Morning sickness is very common, especially in early pregnancy. Morning sickness is caused by an increase in pregnancy hormones, which are at their highest during the first trimester. In most cases, symptoms subside by around 14 weeks, though you may have some nausea that continues into the second trimester.
To help you get through the rough times, I have a few recommendations:
- Eat regularly. Having a small snack like crackers or a piece of fruit every two hours often keeps nausea at bay. Plain foods such as fruit, breads or crackers are the gentlest on your tummy.
- Stay away from fatty foods, greasy foods and soda.
- Drink water. Even if you are not able to get the recommended one gallon of water daily, try sipping as much water as you can throughout the day. Drinking small amounts is best since drinking too much at once can actually cause vomiting.
- Take your prenatal vitamin when you can. If taking your prenatal vitamin makes you feel nauseated, it’s ok to skip it. Taking it most days of the week is best but if you have to wait until your morning sickness subsides, it’s ok.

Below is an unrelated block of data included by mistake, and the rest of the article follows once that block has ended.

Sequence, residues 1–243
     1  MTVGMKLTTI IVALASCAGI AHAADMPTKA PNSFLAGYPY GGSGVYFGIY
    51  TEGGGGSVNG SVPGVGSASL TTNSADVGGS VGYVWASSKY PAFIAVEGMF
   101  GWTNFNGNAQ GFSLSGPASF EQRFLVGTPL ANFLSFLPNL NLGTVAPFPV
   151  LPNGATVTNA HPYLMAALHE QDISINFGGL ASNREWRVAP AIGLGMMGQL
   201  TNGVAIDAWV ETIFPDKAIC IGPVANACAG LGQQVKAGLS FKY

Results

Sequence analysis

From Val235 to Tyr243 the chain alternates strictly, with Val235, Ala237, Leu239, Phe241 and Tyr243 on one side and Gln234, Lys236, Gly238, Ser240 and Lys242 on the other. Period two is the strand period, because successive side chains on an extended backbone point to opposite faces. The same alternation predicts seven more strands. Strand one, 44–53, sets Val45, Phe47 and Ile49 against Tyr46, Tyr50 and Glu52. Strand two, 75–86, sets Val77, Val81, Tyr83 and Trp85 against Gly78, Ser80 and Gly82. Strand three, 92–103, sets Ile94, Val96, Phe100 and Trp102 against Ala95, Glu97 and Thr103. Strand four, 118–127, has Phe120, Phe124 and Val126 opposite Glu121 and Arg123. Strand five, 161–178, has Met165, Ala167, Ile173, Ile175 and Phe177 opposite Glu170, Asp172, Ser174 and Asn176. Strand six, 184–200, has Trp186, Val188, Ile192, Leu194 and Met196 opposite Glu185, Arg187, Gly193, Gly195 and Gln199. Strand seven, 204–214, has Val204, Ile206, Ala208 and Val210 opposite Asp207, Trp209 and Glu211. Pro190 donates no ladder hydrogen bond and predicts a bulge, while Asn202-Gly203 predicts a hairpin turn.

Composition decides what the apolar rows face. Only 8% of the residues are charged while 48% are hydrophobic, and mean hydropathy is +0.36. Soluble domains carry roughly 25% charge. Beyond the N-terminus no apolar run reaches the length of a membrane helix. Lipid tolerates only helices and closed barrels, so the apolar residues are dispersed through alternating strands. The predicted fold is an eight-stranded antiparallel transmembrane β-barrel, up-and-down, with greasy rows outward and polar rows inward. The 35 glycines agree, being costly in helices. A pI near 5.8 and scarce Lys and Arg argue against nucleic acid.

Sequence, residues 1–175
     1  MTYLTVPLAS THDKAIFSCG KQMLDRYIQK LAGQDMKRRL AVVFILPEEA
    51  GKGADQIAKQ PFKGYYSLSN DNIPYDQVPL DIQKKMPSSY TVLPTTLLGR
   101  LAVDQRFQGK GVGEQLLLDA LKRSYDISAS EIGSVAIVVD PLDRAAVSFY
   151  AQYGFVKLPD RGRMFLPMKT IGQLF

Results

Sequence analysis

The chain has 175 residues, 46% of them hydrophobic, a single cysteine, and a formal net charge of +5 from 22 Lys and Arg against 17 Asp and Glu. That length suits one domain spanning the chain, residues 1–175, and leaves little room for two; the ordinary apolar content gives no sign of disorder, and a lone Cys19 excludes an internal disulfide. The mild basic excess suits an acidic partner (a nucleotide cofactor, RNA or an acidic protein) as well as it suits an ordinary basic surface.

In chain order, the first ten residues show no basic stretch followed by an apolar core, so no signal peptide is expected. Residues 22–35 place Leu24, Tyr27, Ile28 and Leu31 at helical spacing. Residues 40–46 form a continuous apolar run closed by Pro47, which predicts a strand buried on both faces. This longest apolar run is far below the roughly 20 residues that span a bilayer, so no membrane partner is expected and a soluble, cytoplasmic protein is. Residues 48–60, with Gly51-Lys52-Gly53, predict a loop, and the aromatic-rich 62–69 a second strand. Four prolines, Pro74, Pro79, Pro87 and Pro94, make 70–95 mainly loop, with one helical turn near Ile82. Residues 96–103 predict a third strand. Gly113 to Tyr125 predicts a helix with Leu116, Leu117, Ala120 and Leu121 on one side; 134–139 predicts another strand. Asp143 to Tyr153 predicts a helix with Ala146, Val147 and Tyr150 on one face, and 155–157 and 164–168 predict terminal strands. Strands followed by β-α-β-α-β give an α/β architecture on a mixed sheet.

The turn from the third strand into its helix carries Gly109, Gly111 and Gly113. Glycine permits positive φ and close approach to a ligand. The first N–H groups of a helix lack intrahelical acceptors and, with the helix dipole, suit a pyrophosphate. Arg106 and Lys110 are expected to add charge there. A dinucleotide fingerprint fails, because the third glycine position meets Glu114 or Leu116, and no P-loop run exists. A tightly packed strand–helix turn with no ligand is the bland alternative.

If your morning sickness is so strong that you cannot keep anything down, if it is affecting your life to the point that you are missing a lot of work or if you have lost five pounds or more, talk to your doctor about medication options.
There is an FDA-approved medication that has been proven to be safe in pregnancy. The medication is essentially a B6 vitamin with a gentle sleep aid. If you become too weak or too dehydrated, you may strongly consider taking something and should talk with your doctor.
Tamsen Carson, PA
Tamsen Carson is an OB/GYN physician assistant with Renown Health. She provides essential prenatal, pregnancy and post-pregnancy care to women, including delivering babies. Tamsen completed her OB/GYN Physician Assistant residency at Arrowhead Regional Medical Center in Colton, CA and has been a part of the Renown Health team for more than five years.